An early example of the manner in which photography was inscribed with evidential power are the two photographs of the Atala Masjid at Jaunpur, taken by D. Tresham and Beglar, through which Cunningham chose to make his point that the “new” work, or the repairs that were authorised by him for the Masjid, was “a strict repetition of the older portion” of the “highly decorated propylon” (Cunningham 1880, plates 35 and 36, and p. 108). Such publications, of photographs showing monuments before and after they were restored, verified the ‘success’ of the myriad restoration projects, which the British undertook within India. Under Marshall, to whom one may credit the direction and expansion of archaeological conservation, and its relatively long period of uninterrupted implementation, a genre of imagery was established through such photographs. By disseminating this genre widely through the Survey’s annual reports (Figures 23–26), it was used to highlight Marshall’s own achievements, of preserving the archaeological ‘heritage’ of India. On the eve of India’s independence Marshall unhesitatingly asserted his claim to his achievement by pointing out that the Indians “are now thoroughly alive to the value of their national heirlooms and at the same time genuinely appreciative of the Government’s efforts to preserve them” (1939, p. 32). Investigating the visual economies (for a definition see Poole 1997) through which the Survey’s photographs have participated in the making of ‘national monuments’ and ‘architectural heritage’ for India holds relevance now, in the wake of global tourism, rampant demolitions of historical monuments, and the rising clamour for a ‘nationalist’ archaeology within the country.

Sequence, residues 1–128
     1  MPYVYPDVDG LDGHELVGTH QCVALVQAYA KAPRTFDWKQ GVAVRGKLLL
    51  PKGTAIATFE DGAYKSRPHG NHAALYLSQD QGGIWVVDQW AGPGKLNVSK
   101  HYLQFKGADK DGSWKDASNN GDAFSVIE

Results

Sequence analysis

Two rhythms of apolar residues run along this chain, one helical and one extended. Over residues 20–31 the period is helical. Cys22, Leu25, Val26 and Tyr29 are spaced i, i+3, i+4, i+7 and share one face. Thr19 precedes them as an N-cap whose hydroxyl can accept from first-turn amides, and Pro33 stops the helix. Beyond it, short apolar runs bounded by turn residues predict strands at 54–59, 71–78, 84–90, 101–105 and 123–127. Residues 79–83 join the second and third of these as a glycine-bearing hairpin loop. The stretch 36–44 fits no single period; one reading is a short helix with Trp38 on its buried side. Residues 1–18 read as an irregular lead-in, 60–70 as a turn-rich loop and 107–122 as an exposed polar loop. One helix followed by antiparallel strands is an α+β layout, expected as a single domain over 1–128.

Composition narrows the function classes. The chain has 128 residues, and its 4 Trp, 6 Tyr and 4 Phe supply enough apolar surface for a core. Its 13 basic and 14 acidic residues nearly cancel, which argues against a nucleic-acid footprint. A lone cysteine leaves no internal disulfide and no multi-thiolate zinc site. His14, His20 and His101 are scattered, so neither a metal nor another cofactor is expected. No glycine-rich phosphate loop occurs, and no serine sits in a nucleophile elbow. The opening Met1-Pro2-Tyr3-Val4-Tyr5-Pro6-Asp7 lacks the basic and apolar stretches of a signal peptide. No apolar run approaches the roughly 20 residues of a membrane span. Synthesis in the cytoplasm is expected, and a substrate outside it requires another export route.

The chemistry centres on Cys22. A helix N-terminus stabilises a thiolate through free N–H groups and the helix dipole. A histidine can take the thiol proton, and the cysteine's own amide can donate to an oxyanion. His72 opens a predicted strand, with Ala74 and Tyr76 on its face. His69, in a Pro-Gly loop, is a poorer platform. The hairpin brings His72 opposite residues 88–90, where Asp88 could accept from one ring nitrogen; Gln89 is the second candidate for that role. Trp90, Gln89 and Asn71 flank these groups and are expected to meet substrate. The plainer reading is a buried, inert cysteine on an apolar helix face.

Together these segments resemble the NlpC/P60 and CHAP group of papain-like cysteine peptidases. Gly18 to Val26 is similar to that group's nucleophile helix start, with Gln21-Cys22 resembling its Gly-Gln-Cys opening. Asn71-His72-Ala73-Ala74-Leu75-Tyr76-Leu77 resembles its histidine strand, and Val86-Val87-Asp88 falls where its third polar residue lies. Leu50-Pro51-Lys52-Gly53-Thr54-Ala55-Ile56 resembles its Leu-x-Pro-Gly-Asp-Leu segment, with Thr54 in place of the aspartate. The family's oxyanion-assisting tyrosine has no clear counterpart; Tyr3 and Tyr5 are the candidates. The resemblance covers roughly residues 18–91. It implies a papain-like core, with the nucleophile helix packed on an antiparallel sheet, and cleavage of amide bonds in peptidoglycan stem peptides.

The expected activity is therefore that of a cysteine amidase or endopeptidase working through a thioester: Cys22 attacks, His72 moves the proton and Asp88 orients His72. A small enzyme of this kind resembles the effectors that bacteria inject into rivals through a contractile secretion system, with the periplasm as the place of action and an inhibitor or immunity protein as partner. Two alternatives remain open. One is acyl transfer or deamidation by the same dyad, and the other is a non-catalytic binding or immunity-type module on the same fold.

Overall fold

There are many photographs like the one of the Surya temple at Martand (Figure 27) taken by a commercial photographer, William Baker, which were absorbed within the D.G.A.’s collection that Marshall initiated. Their presence within a distinguishing archive clearly demonstrates why the evidential power of a photograph usually lies within its relationship with “the beholder, or user” (Olin 2002, p. 112), rather than within the subject of its imagery. For, the imagery here is bereft of any archaeological activity, although, through archiving, the photograph could be positioned to offer references for the Survey’s work. Fig: 25 Considering that meaningful representations are usually attributed for the archaeological, and not always through fieldwork alone, the making of collections and archives such as Marshall’s, permits and facilitates the imposition of identities on many photographs not ostensibly taken for, or during archaeological work. Yet, the above example also makes us aware of the extent to which we endow photographs with identities by making them participate within processes of knowledge formation. For, photographs defy space and time, and, as Geoffrey Batchen reminds us, they Fig: 26 are “animated by a social dimension [and] a dynamic web of exchanges and functions, that gives them a grounded but never static identity” (2002, p. 78). Therefore, even when the informational value of an archaeologist’s, e.g. Wheeler, field photographs may appear to us as fixed, their evidential values are not because such testimonies bear “not on the object but on time” (Barthes 2000, p. 89).